In his column on page 42 [seePart 1 in today's Newsletter], columnist Bob Sacks writes: "The only thing holding [digital magazine editions] back presently is a perfect substrate." That's sort of like saying, "The only thing holding me back from a fabulous singing career is my voice."

The key to any new medium seems to be the benefit to the user. When cassette tapes came out, I never wondered whether they would replace vinyl. Cassettes wouldn't scratch, they took up less space, and you could play them in the car.

When CDs came out, did anyone wonder whether they would replace cassettes? CDs didn't get "eaten" or melt in the sun, and you didn't have to fast forward to find the beginning of the next song.

Then came the iPod-it's teensy-tiny, it won't scratch or melt, it's easy and inexpensive to download music, and it can do many things a CD, cassette or record can't. With each new medium, the benefits to the music fan increased dramatically.

But e-books' and digital editions' future is under debate. Will they be the future? Bob Sacks says yes. Many disagree.

E-editions and e-books do save on space. But are books or magazines really that cumbersome compared to laptops or even e-readers? How often do most people carry them around anyway, and particularly several at once? Students, along with frequent travelers (who Sony initially targeted with its Reader), may be the exception. Are print pages difficult or time-
consuming to flip? Print publications are already quite cheap and convenient (delivered to your door).

But there are benefits: archives and searches available with many digital editions; rich media enhancements and live links; timeliness-you can eliminate printing and distribution time. But what about magazines where time isn't a factor? As Alex Brown points out in her "Master Manufacturer" column (page 18), some magazines are meant to be in print, some are not.

Saving trees is a growing consumer priority and may be a significant contributor to wider-scale adoption of e-magazines.

But at this point, most benefits are to the publisher-saving on manufacturing and distribution costs, which publishers are striving desperately to tame. This is pushing publishers to push digital editions. Is that in the consumers' best interest?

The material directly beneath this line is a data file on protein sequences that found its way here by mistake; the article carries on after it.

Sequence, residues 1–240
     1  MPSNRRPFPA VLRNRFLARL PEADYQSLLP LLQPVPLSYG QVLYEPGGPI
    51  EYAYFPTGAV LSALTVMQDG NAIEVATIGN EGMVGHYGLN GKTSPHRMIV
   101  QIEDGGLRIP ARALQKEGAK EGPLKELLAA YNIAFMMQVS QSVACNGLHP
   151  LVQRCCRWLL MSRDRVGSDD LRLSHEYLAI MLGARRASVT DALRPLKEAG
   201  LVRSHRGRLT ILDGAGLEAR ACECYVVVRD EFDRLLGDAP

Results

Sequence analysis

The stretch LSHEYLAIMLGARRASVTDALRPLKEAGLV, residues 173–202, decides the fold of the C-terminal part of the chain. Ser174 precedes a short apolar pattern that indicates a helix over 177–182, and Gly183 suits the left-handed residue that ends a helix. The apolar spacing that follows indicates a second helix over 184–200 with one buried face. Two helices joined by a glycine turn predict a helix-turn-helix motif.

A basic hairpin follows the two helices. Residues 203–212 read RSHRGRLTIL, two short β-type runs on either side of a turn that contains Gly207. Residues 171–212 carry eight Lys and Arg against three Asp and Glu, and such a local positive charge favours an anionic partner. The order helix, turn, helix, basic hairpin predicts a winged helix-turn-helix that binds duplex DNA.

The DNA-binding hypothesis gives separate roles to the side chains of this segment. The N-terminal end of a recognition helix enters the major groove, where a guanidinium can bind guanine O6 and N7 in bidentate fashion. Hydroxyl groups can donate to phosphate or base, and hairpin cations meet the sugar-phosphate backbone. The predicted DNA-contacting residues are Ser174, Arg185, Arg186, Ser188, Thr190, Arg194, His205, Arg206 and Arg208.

Digital editions are being adopted in growing numbers (see "Digital Editions' Growth Spurt," page 33). For others, reading for pleasure on a computer screen at home isn't appealing. Sacks even acknowledges this.

But, he writes, "The future is here now," with the Sony Reader, Amazon Kindle and other e-readers. The price of e-readers will likely come down. And, as Sacks notes, "These devices will not go away, but rather will only get better and more advanced at what they do-distribute content."

Will screenagers be the tipping point? Maybe. They want the latest gadgets and are used to reading on screens. But they also are used to reading in bytes. So the question may not be whether they'll read a book or magazine in print or digital form, but whether they'll read them at all in their current format.

You should offer a digital edition if your readers want it. Should you offer only digital editions? Sacks writes, "By 2025, e-paper devices will be the predominant way in which people read. And they will most likely be reading some formulation of digital-edition technology." That's 17 years away, so you've got some time, even by BoSacks' standards.

E-paper-if developed to truly mimic real paper, and to be cost-effective and benefit-driven-seems a promising alternative to paper. But I can't help but be reminded of the fact that the first e-book was created more than 60 years ago, and people have predicted the death of print since at least the '60s. Marshall McLuhan, an English professor, media analyst and book author, predicted print's demise 46 years ago.

In 1999, Princeton University history professor Robert Darnton wrote in the New York Review of Books: "Marshall McLuhan's future has not happened. . . . The electronic age did not drive the printed word into extinction . . . . . . . We have heard that prophecy repeated ever since the first e-book, a clunking monstrosity known as Memex, was designed in 1945. By now, the conventional book has been pronounced dead so often that we shouldn't be surprised to find that it seems in excellent health."

The media world is changing-no denying that. Readers' habits are changing. Business models are changing, and online media empires are being built as we speak. But will print die? Not today.

BoSacks Replied thusly on the Web Site
That was a brilliant and wonderful treatment and overview of the "current" publishing situation. Key emphasis is on the word current. The technology and the sociology is changing faster than anyone can possible keep up with, and yet I try to do so. Our researchers at Media-Ideas.net continue to focus on emerging technologies, and they have forecast some interesting data and reading utilization curves. Predicting that an event will happen and concurrently predicting when it will happen are two different sets of prescience. 600 years ago Leonardo Da Vinci forecast and actually designed, the tank, the car, the automatic transmission, hydraulic pumps, reversible crank mechanisms, several flying machines, including a helicopter, a light hang glider, and the parachute. He wasn't wrong. But the "current technology wasn't up to the task and his vision.

Today, for publishers, the technology is not in some far off distant future, but present and on sale right now. Each month there are new and improved additions to the ereading marketplace.
At the next Publishers Executive meeting let us forget about inviting Samir Husni. I would be delighted to debate you in his place on this very subject. It would be fun and informative for everyone. You represent the hopes and the real fears of the editor in us all, while I represent . . . well something else.